I’m annoyed again this week and once again it’s the fault of perfect bloody parents.
I am an avid conservationist and I was hugely saddened to hear the news about Haracombe the 17 year old silver back gorilla who was shot in Cincinnati this week. I was sad that this glorious animal had lost his life in a tragic accident and I felt for the keepers who would have had to make that awful decision.
I use the word accident on purpose because that is exactly what it was. An accident. Some could say it was an accident waiting to happen as the fences were too low, some could say it was an accident because the child ran off, some could say it was an accident because the parents weren’t watching but you can safely say it was an accident.
We won’t know exactly what happened that enabled that child to be unsupervised for the time it would have taken him to get through that barrier but it could just as easily have happened to me.
I love my daughter. She is the light of my life and one of the best things to ever happen to me but that doesn’t make me blind to her faults. She’s a runner, she doesn’t listen and she is constantly pushing the boundaries we set her. This weekend she opened the front door and walked round the side of the house – if she’d walked forward instead of turning she could have ended up in the road and if she’d gone the other way she could have ended up in the fast flowing stream by the house. We usually have the front door locked but I took my eye off the ball for a split second while I was loading the washing machine and the next thing I knew my husband was walking her back in the front room.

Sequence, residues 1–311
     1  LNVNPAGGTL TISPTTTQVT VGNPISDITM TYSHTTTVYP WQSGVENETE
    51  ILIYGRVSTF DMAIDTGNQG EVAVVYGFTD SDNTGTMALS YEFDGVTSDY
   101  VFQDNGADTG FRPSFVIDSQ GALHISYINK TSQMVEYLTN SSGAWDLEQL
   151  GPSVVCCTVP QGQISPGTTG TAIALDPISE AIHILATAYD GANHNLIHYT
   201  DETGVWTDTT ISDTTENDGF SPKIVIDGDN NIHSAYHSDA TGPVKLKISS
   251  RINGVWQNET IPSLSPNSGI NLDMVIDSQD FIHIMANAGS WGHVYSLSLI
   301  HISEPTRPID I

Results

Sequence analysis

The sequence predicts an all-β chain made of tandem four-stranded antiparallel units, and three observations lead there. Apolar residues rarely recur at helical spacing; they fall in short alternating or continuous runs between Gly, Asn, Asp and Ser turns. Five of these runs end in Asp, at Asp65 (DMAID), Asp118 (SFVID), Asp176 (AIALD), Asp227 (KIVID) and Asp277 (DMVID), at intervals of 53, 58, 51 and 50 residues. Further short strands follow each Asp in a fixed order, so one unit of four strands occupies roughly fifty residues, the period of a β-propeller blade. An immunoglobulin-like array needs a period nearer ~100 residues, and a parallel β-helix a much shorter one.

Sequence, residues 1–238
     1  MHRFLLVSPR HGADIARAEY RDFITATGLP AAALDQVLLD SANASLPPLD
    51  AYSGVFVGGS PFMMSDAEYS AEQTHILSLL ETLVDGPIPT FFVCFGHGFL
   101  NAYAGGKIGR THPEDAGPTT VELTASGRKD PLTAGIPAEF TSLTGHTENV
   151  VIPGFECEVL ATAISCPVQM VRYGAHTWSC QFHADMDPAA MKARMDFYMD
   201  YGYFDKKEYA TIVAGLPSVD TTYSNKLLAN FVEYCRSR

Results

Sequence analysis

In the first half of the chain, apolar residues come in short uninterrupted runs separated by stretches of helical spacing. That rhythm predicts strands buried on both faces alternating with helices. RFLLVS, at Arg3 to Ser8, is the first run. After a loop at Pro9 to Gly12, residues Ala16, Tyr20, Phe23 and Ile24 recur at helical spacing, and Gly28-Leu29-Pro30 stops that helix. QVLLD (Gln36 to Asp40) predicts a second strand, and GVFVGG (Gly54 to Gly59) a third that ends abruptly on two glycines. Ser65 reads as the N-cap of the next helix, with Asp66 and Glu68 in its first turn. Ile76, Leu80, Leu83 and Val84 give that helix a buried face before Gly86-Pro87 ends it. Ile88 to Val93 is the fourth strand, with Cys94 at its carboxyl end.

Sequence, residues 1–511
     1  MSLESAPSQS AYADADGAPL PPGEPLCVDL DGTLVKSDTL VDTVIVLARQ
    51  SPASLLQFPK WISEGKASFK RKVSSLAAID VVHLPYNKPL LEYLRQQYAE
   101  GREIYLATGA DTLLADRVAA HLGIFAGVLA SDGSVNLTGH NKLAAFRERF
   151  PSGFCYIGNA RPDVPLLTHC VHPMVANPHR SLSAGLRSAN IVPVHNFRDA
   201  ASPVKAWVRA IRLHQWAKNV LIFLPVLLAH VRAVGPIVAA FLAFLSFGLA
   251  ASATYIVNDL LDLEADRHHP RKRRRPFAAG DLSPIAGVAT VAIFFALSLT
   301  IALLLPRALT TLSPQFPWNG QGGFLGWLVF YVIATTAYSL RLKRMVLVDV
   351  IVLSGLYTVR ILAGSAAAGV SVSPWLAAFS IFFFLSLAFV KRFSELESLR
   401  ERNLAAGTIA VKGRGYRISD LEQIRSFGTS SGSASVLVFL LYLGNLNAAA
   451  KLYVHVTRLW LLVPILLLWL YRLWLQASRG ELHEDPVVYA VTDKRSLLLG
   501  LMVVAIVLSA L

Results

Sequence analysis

I’m not a negligent mum – I know she is a runner and I constantly keep an eye out for her and have become an expert in likely outcomes and seeing disasters that could happen but I made a mistake. I took my eye off the ball for a few seconds and I was lucky she didn’t get hurt.
The internet is now full of parents shouting words like neglect, abuse, child endangerment and prosecution – people who are obviously perfect parents and have never had a child just disappear before their very eyes. I’m not saying the parents aren’t at fault here – of course they are but I think to start screaming child endangerment and saying the accident is obviously a reflection on the family’s home situation is a little presumptive.
A magnificent animal tragically lost its life this week, a young child was very lucky and the parents will never ever ever stop living with that guilt or get away from the ‘what if’ factor.
To all those perfect parents shouting that the adults should be looking at the children every single second I ask them – have you never ever taken your eyes off your children? If you have more than one child how do you pick which one to stare at and which one to leave to the dangers of the world? Have you never had that heart stopping moment where you realise your child has stepped out of your sight? Have you never had your child not listen to you when you ask them to stay close and not run off?
Parents aren’t perfect and children are mischievous, clever, sneaky and have no idea why we set the rules they do. They have no idea why we don’t want them to run off so they do it anyway.
Parents aren’t perfect, children aren’t perfect and accidents happen.